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They were also mentioned, I think, by the noble Viscount, Lord Bledisloe. My Lords, we fully expect that characteristics such as mental incapacity and extreme youth will be taken into account in line with the existing caselaw on such issues. We would not expect our courts to follow the New Zealand approach. We believe that we can rely principally on caselaw as regards reasonableness.

The noble Lord, Lord Lucas, commented on Clause 80(2), which provides that penetration is a continuing act, and therefore consent must continue throughout. The Bill seeks to underline that sexual intimacy must be consensual. Those who enter into it—in whatever form—must take steps to assure themselves that their partner in such activity is in full agreement to all that is transpiring. It would be wrong to say that assent to one activity can be properly construed as an assent to all activity. That is a distinction that we seek to draw. I therefore thank all those who have supported the compromise.

I see the attraction that the original formulation had for the noble and learned Lord, Lord Cooke. We saw the attraction ourselves, but we said that we would take it away for consideration and bring back a consensual set of amendments. We have now done that and the import of what we propose remains the same. There is no policy difference between the initial intention expressed in the amendment that was previously before the House, but not moved, and the amendment that is before us now.

I appreciate, too, the strong feelings expressed by the noble Lord, Lord Campbell of Alloway, about the direction. The ways in which we have structured the provisions will show that fear not to be well founded. We are confident that the court will be alive to the concern that the noble Lord has expressed about the possibility of appeal and will not take injudicious account of issues that should properly not be admitted. I leave the comments made about sentencing to another day.

On Question, amendment agreed to.

4 p.m.

Lord Campbell of Alloway had given notice of his intention to move Amendment No. 2:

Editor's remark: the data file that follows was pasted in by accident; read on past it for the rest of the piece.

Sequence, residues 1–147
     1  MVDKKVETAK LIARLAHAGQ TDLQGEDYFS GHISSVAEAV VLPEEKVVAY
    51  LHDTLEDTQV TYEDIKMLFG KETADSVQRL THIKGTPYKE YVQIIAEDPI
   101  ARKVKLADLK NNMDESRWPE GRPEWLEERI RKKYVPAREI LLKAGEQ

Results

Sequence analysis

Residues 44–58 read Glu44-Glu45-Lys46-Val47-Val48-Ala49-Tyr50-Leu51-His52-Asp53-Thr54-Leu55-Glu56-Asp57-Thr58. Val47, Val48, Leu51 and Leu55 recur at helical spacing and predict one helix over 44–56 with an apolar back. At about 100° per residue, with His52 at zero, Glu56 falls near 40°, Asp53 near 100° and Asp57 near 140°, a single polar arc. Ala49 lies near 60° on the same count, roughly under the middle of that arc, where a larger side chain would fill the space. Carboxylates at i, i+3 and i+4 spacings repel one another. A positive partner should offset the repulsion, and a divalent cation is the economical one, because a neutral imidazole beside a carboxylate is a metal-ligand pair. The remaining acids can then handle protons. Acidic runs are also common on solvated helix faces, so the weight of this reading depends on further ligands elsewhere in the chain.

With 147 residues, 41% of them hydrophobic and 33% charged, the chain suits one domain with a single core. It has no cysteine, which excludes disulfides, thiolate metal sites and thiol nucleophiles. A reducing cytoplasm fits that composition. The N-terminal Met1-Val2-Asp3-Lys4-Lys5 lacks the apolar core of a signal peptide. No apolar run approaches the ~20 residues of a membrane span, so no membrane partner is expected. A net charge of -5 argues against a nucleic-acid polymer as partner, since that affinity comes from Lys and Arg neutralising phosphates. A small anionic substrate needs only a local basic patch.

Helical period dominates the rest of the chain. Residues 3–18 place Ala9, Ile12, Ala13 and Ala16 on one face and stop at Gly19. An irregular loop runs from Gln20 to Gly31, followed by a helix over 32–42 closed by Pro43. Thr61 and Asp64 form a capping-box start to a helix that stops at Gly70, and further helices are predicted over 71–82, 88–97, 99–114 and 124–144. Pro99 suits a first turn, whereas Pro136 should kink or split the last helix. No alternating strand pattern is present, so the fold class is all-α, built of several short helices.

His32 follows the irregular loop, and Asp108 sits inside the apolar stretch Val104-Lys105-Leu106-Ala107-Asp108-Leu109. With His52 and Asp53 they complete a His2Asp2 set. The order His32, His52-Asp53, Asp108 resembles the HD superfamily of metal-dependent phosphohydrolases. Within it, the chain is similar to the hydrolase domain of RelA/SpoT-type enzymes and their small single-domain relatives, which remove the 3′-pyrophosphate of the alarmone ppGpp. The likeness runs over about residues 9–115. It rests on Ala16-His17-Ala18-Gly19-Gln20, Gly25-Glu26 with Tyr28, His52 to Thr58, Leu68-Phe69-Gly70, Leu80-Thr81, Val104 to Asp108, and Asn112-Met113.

Page 1, line 18, leave out "Sections 76 and 77 apply" and insert "Section 77 applies"

The noble Lord said: My Lords, on the advice of the Table, I cannot divide on the amendment, because it would leave out Clause 76, which is a substantive amendment on which I have to divide the House at a later stage. That being so, unless any other noble Lord wishes to speak on this matter, I am minded not to move the amendment for the reason that I have given.

[Amendment No. 2 not moved.]

Clause 3 [Assault by penetration]:

Baroness Scotland of Asthal moved Amendment No. 3:


    Page 2, leave out lines 13 to 21 and insert—


"( ) A does not reasonably believe that B consents.

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( ) Whether a belief is reasonable is to be determined having regard to all the circumstances, including any steps A has taken to ascertain whether B consents."

On Question, amendment agreed to.

[Amendment No. 4 not moved.]

Clause 4 [Sexual assault]:

Baroness Scotland of Asthal moved Amendment No. 5:


    Page 2, leave out lines 30 to 38 and insert—


"( ) A does not reasonably believe that B consents.
( ) Whether a belief is reasonable is to be determined having regard to all the circumstances, including any steps A has taken to ascertain whether B consents."

On Question, amendment agreed to.

[Amendment No. 6 not moved.]

Clause 5 [Causing a person to engage in sexual activity without consent]:

Baroness Scotland of Asthal moved Amendment No. 7:


    Page 3, leave out lines 11 to 19 and insert—